AUC, Peak, etc. Therapeutic monitoring laboratory capability required.

Dosing Chemotherapeutics Traditional dosing on Body Surface Area 

Correlates with metabolic rate, volume of distribution Correlation with tissue concentrations? Efficacy and toxicity

Extrapolated (with enthusiasm from human dose recommendations) Probably correct for SOME but not ALL protocols

Body Surface Area Dogs

10 × ( bw in grams ) 10,000


10.1× ( bw in grams ) 10,000



These are approximations. 

Man/Woman – 5 formulas, all include height, some gender, some age…

Body Surface Area BSA Nomogram 1.8

Meters Squared

1.6 1.4 1.2 1 0.8 0.6 0.4 0.2 0 0





Weight (kg)




Body Surface Area Arrington et al. AJVR 55(11) 1587-92 

30 mg/M2 Adriamycin Dogs <10 kg received more than 1.5 mg/kg 

Increased incidence of toxicity

Dogs >10 kg received less than 1.0 mg/kg  

Study did not evaluate differential efficacy Potential for breed-related differences in toxicity.

Oral Chemotherapy Widely used in Veterinary Chemotherapy   

Concerns for patient “discomfort” Infrequent use of “indwelling” lines Palliation is primary goal High peak concentrations or large AUC are not a concern Dosing control is not as critical

Oral Chemotherapy Alkylating Agents  

melphalon (Alkeran) cyclophosphamide (Cytoxan) Excellent absorption characteristics Most widely used (therefore most experience) Oncology, immunology uses

 

busolfan (Myleran) procarbazine (Mutalane)

Oral Chemotherapy Antimetabolites ď Ž

capecitabine (Xeloda) Oral pro-drug version of fluorouracil

ď Ž

Mercaptopurine (Purinethiol) Variable and incomplete absorption

Oral Chemotherapy Hormonal Oncologics 


Mitosis Inhibitors 

Etopside (VP16, Vepised) Variable dose-dependent oral bioavailability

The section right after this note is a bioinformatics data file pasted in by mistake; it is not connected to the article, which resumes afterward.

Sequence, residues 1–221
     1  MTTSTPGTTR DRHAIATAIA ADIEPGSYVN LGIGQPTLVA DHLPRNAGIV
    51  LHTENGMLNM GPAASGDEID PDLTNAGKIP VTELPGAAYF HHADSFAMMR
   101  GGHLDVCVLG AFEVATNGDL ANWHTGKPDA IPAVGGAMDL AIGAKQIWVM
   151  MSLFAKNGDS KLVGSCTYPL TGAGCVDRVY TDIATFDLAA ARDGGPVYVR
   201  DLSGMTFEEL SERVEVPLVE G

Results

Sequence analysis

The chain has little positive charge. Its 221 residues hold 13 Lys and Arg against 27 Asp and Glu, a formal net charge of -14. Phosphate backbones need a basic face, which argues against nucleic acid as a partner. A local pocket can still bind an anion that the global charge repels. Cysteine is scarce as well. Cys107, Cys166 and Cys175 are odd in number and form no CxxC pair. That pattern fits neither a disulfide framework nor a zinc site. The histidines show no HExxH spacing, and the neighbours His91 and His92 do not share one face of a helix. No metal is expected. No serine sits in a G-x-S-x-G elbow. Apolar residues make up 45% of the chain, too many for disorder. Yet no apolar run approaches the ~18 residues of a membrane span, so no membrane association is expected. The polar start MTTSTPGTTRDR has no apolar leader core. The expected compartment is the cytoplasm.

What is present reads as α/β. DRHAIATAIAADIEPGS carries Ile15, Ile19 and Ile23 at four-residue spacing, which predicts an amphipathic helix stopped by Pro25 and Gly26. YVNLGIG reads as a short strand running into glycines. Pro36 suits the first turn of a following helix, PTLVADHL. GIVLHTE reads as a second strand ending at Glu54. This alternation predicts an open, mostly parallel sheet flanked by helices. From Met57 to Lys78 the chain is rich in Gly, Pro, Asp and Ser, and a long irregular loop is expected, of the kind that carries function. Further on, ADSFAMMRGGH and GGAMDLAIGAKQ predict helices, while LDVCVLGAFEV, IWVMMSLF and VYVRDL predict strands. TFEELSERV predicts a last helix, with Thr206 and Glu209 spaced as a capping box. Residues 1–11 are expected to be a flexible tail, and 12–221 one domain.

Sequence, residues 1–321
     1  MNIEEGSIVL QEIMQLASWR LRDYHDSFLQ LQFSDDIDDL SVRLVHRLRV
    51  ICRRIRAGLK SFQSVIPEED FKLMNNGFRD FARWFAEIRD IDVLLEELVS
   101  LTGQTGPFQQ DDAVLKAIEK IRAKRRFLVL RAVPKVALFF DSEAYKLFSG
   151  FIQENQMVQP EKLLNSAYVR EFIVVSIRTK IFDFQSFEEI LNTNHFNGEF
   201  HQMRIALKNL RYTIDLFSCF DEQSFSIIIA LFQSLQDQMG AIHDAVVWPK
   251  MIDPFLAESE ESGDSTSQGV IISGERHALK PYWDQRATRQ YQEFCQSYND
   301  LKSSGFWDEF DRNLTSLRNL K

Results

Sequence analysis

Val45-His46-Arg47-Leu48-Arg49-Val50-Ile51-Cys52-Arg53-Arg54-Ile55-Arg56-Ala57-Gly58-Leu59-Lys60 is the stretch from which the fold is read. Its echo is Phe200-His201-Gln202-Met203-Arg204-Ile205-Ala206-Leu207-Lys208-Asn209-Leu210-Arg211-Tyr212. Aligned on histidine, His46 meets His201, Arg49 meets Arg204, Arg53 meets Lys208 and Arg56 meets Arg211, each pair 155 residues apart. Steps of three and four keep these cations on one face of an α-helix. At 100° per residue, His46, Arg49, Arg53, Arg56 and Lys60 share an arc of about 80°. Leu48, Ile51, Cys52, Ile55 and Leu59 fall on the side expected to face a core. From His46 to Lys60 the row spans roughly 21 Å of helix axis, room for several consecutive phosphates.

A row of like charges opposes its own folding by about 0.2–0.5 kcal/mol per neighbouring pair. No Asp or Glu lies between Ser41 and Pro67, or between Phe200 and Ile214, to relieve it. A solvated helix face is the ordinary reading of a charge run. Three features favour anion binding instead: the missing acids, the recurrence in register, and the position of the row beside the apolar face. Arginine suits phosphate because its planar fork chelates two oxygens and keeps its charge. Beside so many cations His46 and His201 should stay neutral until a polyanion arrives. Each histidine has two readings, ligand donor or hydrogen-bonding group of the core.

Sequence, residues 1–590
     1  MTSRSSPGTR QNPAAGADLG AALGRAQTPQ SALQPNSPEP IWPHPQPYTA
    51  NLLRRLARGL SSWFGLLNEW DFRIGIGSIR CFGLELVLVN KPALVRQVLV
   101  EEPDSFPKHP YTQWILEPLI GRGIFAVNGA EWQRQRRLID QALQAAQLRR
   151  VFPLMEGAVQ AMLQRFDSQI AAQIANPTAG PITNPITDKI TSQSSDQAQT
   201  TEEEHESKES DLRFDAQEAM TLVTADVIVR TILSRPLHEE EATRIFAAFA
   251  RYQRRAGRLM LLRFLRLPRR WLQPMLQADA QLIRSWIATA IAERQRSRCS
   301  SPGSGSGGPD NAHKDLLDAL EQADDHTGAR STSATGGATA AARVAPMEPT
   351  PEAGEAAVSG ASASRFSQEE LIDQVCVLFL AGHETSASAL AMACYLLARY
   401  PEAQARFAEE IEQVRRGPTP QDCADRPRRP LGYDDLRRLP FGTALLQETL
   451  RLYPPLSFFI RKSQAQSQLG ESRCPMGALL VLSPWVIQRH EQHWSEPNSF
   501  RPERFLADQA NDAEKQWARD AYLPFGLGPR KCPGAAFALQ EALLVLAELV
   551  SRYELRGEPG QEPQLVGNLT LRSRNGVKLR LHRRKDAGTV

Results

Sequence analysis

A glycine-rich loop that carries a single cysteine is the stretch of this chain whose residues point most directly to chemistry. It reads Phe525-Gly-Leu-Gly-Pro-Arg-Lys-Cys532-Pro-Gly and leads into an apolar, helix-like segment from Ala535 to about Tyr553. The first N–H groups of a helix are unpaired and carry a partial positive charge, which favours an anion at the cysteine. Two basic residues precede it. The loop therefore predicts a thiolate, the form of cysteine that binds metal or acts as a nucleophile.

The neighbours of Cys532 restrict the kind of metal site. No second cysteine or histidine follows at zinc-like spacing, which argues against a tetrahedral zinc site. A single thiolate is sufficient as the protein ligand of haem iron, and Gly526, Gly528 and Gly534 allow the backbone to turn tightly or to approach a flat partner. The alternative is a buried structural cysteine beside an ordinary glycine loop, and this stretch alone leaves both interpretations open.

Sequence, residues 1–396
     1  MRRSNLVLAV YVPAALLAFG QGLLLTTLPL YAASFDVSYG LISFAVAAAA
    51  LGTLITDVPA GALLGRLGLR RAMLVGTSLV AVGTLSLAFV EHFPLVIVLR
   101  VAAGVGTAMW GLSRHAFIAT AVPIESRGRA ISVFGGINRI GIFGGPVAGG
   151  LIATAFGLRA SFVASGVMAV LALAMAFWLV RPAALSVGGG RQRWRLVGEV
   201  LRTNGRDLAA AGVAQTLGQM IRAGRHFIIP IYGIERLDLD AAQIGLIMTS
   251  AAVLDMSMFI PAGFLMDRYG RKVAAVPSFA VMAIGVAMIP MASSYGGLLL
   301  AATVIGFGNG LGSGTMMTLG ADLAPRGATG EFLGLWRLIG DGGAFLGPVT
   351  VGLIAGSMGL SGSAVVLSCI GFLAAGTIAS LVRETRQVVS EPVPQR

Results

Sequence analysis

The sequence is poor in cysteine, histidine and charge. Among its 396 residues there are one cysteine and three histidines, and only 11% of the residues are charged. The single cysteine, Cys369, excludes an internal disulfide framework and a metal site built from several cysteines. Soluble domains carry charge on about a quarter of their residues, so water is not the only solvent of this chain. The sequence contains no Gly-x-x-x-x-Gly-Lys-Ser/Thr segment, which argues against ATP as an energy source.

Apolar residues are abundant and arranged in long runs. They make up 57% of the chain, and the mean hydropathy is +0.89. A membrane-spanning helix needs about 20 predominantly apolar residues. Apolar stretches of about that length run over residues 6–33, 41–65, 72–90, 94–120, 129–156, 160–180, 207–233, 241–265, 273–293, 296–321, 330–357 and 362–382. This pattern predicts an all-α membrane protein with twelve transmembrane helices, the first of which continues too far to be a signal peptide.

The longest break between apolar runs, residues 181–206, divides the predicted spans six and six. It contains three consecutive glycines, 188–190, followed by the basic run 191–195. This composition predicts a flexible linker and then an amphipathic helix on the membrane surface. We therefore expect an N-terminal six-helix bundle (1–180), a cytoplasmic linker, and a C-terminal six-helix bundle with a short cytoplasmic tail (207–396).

Others 

Hydroxurea Well aborbed

IM Chemotherapy aspariginase (Elspar) ď Ž

IM is thought to produce fewer allergic reactions Not confirmed with large number of cases

leuprolide (Lupron) ď Ž

Short acting GnRH Agonist

Intravenous Chemotherapy Why? 

 

Drugs, and sometimes vehicles, too irritating (cytotoxic) by other routes Produce high peak concentration OPPORTUNITY to exert extreme control over plasma concentrations.

Gemcitabine Controlled intravenous infusion  

Metabolism to active compounds is saturable Rates of administration exceeding conversion capability waste drug e.g., Un-converted gemcitabine is eliminated in the urine.

Rates of administration exceeding conversion produce less activity per milligram of drug. 10 mg given slowly -> ‘10 mg of activity’ 10 mg given rapidly -> ‘8 mg of activity’

Dose Form Manipulation Liposomes ď Ž

Drug contained in lipid spheres Essentially artificial liposomal membranes Actively acquired by some cell lines

ď Ž

Improved therapeutic index Reduced cardiotoxicity Enhanced activity (although certain other toxicities may be enhanced)

Dose Form Manipulation Chemoembolization ď Ž

Arterial infusion of methylcellulose microcapsules filled with chemotherapeutics

Implantable polymers ď Ž

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Chemotherapeutic agents pharmacology/ dental implant courses by Indian dental academy  
Chemotherapeutic agents pharmacology/ dental implant courses by Indian dental academy